These two tools are combined in Tracer to record activity and provide feedback to the author about the assignment. The contribution described in this paper focuses on how to obtain a measure of the level of engagement of the writer during the assignment and show this information to teachers and students. Two visualization models derived from the collected data were computed: Line-based Visualization Model (LbVM) and Point-based Visualization Model (PbVM). Both models show an engagement score derived from the time the writer spent on the activity. The plots are created with the JqPlot graphical API2. It follows a detailed description of these visualizations. II.


Figure  1:  Point-­‐based  Visualization  Model   A. Point-based Visualization Model In PbVM, each point represents an action at a particular time, such as drafting an initial version, reviewing a document submitted by a peer, or reading given feedback. Figure 1 shows an example of the PbVM showing the writer’s behavioral pattern. The activity is divided into 4 sequential sub-activities described in the activity’s timeline: initial draft, peer review of drafts, read feedback given by peers, and write the final version. The vertical lines indicate submission deadlines for each subactivity. Each point in the line indicates an event such as initial writing or reading feedback. Different points and shapes were used according to the sub-activity. The distinction among the different activities was computed using conventional Learning Analytics techniques [14, 16, 17]. The algorithm to calculate the engagement in this visualization is based on the number of data point clusters, where the data points in each cluster are in chronological order and the length of a cluster is within a certain threshold. According to the intensity of the writing task, an adjustable threshold is used. For example, if the writing task is intensive, we need a smaller threshold to detect the clusters. The final engagement score is calculated with the following equation and algorithm.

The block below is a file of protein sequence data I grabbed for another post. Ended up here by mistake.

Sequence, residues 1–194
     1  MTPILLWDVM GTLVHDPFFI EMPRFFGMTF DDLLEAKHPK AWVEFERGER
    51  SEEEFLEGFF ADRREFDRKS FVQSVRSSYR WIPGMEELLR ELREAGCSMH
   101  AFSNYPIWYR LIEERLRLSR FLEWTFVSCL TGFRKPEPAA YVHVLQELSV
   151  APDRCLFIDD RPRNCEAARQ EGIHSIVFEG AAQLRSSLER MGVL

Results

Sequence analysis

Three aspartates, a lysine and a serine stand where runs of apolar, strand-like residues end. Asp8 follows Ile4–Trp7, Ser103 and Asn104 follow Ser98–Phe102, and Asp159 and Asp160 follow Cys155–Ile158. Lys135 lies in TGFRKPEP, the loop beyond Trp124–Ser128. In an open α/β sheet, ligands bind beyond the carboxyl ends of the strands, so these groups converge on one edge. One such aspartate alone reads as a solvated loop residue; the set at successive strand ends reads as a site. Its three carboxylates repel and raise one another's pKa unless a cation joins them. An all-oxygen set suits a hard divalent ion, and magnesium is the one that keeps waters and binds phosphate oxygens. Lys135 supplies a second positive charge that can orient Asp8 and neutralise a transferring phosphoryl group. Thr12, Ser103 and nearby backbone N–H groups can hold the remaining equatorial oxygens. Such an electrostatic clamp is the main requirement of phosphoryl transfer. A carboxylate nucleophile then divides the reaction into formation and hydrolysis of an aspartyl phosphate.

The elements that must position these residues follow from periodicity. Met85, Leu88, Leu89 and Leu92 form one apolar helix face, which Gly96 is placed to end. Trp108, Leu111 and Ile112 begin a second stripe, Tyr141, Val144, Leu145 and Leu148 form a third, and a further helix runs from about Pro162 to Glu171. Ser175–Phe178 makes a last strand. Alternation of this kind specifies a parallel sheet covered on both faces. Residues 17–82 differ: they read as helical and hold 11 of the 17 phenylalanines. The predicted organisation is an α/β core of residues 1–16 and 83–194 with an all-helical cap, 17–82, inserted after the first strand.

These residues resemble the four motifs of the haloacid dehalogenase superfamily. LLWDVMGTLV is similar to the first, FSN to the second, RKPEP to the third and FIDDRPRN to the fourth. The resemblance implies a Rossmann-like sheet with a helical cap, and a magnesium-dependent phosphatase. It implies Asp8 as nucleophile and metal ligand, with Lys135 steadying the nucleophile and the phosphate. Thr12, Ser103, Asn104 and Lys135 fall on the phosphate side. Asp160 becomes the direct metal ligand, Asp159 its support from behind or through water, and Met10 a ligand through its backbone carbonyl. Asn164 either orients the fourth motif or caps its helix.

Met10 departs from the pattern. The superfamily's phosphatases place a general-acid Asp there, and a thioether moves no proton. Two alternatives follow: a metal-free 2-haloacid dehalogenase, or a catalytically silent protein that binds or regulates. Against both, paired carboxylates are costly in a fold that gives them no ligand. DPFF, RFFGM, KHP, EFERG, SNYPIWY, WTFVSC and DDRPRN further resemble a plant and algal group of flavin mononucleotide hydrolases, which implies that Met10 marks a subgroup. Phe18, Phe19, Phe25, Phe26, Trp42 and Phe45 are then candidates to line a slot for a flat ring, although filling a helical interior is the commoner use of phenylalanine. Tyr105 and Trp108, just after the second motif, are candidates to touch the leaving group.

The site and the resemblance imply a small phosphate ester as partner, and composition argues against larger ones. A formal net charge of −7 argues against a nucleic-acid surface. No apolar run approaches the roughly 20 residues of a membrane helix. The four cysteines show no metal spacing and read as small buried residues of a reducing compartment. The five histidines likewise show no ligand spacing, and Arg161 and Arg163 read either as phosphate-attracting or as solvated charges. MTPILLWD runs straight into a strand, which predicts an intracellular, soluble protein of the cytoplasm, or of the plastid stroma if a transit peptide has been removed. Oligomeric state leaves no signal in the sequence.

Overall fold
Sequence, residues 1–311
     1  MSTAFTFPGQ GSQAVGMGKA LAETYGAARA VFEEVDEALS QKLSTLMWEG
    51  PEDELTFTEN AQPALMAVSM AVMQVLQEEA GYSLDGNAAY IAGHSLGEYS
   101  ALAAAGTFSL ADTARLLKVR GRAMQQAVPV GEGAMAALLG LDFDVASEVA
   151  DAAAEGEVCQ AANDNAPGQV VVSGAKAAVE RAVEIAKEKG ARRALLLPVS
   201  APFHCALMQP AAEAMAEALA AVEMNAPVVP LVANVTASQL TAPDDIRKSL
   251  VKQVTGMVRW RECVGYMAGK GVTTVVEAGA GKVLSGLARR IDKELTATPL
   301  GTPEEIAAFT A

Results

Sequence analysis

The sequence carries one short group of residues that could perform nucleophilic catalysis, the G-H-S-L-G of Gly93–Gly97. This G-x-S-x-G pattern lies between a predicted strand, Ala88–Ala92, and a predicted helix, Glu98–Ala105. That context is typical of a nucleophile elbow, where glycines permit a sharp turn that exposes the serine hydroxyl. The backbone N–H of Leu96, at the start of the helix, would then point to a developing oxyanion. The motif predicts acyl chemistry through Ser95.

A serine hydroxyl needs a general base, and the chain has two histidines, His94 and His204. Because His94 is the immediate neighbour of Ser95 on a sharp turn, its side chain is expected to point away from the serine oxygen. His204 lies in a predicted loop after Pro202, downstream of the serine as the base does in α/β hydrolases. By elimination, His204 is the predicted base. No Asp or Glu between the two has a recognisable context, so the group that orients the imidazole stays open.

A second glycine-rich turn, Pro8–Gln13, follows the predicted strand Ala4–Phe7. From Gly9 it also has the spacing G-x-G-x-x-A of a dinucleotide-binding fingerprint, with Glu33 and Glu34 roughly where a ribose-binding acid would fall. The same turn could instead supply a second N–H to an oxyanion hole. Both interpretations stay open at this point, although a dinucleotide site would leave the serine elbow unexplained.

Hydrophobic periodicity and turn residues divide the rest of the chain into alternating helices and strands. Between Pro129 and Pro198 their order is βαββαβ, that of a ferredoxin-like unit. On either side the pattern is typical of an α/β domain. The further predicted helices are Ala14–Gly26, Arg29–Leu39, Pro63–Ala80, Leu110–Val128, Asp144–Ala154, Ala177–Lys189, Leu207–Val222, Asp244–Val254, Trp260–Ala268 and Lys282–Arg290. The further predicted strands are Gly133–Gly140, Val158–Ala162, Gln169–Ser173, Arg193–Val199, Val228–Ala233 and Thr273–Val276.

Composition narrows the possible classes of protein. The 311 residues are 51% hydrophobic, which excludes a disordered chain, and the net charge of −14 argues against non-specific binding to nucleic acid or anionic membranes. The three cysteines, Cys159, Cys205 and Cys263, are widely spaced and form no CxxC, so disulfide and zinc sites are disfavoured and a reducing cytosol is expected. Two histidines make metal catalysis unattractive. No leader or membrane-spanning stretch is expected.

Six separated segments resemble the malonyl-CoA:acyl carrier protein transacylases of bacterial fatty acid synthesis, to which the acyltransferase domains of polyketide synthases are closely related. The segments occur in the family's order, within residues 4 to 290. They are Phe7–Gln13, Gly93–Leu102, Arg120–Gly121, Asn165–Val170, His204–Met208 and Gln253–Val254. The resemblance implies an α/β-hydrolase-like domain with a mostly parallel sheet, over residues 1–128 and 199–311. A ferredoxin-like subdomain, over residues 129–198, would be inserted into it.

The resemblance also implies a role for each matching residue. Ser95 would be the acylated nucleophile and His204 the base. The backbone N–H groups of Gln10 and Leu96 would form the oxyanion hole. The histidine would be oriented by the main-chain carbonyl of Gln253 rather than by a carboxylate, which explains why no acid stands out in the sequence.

Where the ClusterCount is the number of clusters and the Weight could be a minute and hour. calculateEngagementforPoint(List events, float threshold, float weight) { Date startTime = Time of first event Date currentTime, startSegment; Int clusterCount = 1; Float duration, segmentDuration; startSegment = startTime; For each event in the list { currentTime = time of the event; segmentDuration = Duration(startSegment,currentTime) duration = Duration(startTime, currentTime); if (duration > threshold || segmentDuration > threshold) { clusterCount++; startSegment = currentTime; } startTime = currentTime; } return clusterCount * weight; }

B. Line-based Visualization Model In the second proposed visualization LbVM, the points are connected by lines and the thickness of a line indicates the intensity of the user’s behavior during a period of time. Figure 2 shows an example of graphs generated using this visualization. Figure 2a shows the whole activity, where the points are connected into lines in each sub-activity. We defined each line as a series, which has different color and thickness. Figure 2b is a supplementary figure (zoom in Figure 2a), which gives more detail about the student’s behavior on writing draft proposal activity. The engagement algorithm for LbVM is based on counting the number of “series” in a session. A series is defined as group of events represented by a line. Each line is associated with a certain appearance, including the thickness and color. So, the whole graph is made of lines (series). Moreover, we assign a weight to a line, which indicates the intensity of the line. The weighting process is defined as follows: 1. We defined a hashmap, where each entry contains a time threshold and a corresponding weight value. For example, (0.5h, 0.8) indicates that the time threshold is 0.5h and its corresponding weight is 0.8. 2. If the duration between neighboring segments is less than the smallest time threshold, we assign that corresponding weight to the series, which that segment belongs to. In the experiment, the writing draft proposal activity is within one week, which is not intensive. We defined the hashmap including following items (0.5h, 1),

(a) The Whole Writing Activity

(b) The Draft Proposal Activity